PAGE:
How to Choose the Right Variety of Tomato Plant for Your Garden

By: Julie Day
Ripe tomatoes in a basket

The fruits of different varieties from a tomato garden!

When planting season rolls around, it’s easy enough to decide to plant tomatoes – they’re easy to grow, sinfully delicious, and who doesn’t love homemade spaghetti sauce? But with hundreds of varieties and qualities of tomato varieties to choose from, plant and seed selection can be quite a challenge.

Here’s a guide to help you sort through all the jargon and pick which tomatoes to plant in your garden.

Tomato plants growing in garden

Plant variety spices up the tomato harvest.

Tomato Plant Sizes and Shapes

  • Determinate tomato plants (also known as “bush” tomatoes) grow to a specific size. They then stop growing, bloom, and produce one crop of tomatoes which ripen all at once. Determinate tomato plants are generally bushy, compact plants that produce early in the season.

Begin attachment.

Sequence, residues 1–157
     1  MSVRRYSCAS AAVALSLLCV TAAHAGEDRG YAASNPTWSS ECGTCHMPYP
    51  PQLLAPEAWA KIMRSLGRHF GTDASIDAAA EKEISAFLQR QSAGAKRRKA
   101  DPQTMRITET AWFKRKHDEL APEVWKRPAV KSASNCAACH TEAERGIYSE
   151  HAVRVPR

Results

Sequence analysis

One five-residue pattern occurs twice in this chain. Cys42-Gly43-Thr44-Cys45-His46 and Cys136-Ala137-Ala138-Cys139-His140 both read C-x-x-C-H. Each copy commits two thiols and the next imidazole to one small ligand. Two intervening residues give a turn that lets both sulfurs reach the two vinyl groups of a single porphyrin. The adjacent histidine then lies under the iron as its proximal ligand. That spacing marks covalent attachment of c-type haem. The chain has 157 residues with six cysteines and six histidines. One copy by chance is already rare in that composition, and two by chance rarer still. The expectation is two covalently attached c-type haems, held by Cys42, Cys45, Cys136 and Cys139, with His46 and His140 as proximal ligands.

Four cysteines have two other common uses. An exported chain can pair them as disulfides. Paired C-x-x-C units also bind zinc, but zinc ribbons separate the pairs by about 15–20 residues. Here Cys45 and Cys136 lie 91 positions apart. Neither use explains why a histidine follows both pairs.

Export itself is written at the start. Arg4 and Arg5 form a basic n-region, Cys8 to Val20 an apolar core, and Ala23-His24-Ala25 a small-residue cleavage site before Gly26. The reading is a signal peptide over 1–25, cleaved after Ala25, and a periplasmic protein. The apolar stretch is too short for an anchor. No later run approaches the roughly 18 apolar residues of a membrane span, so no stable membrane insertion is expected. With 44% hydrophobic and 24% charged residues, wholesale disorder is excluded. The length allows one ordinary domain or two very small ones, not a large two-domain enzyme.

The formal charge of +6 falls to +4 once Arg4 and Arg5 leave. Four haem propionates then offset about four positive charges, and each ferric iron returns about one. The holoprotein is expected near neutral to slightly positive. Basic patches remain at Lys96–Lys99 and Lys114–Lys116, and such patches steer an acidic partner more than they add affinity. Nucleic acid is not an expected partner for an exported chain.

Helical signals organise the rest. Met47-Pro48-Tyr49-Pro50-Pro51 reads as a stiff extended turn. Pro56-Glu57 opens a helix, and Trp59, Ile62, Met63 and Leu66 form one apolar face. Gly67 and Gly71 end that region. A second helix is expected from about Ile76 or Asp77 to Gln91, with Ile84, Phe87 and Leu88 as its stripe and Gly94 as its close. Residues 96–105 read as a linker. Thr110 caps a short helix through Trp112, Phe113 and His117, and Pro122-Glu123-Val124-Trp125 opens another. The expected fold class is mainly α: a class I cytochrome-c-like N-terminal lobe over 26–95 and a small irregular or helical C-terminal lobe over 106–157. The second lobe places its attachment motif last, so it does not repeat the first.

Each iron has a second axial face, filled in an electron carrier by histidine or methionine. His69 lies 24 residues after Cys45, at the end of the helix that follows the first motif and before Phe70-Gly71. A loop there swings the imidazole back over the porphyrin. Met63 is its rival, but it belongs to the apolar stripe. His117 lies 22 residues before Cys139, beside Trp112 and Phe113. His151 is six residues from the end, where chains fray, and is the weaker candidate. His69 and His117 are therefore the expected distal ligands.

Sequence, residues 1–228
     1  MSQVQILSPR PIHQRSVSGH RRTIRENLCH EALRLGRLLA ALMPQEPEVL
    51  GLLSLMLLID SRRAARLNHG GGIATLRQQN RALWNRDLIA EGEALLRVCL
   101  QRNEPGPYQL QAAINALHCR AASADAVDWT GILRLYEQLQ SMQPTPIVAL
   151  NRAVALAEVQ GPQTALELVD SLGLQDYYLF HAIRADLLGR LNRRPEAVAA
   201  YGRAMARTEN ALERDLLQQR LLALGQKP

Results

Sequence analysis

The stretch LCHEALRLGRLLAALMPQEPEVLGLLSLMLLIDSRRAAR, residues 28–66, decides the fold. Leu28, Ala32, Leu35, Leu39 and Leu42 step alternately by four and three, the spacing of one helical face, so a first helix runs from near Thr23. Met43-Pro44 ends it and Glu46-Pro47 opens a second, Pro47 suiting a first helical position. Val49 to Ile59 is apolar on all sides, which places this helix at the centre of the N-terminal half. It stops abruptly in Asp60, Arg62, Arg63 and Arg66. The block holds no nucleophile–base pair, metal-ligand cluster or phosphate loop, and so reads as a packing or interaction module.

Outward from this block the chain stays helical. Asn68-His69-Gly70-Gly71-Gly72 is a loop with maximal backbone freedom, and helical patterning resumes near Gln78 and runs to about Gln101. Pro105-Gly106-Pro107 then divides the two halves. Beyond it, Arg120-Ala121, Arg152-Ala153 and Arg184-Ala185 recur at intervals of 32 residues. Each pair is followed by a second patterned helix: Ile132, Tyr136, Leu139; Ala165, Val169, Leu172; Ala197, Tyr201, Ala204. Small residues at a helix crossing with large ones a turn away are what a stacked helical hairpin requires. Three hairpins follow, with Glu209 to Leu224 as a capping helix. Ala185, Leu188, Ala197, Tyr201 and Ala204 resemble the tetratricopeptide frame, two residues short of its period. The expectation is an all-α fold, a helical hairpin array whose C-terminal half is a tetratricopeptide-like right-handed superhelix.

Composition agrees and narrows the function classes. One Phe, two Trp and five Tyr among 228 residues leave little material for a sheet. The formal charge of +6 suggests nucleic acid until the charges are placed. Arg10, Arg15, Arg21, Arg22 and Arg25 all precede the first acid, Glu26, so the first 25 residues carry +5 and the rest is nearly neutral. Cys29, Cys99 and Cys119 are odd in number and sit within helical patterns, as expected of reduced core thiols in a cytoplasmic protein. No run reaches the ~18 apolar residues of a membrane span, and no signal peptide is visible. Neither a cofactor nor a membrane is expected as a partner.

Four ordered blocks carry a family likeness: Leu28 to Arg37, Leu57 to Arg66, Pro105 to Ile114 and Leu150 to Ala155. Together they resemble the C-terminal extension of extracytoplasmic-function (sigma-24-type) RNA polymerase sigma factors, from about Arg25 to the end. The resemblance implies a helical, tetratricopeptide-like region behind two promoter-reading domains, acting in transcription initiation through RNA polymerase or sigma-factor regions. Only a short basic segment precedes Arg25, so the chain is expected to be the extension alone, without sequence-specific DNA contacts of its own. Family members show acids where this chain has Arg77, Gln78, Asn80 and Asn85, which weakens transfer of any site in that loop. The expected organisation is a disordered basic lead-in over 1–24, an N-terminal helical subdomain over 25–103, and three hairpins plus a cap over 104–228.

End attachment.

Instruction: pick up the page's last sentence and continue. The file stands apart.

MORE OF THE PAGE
• Indeterminate tomato plants grow taller and more vine-like. They continue growing, blooming, and setting fruit until they are killed by frost in fall. Indeterminate tomato plants usually need staking or tying and can grow over 6 feet tall.
  • Semi-Determinate tomato plants fall in the middle. The size is more contained than indeterminate tomatoes but harvest lasts longer than determinate varieties.
  • Dwarf tomato plants are bred to be smaller in size for use in containers and hanging baskets. Dwarf tomato plants can be either determinate or indeterminate.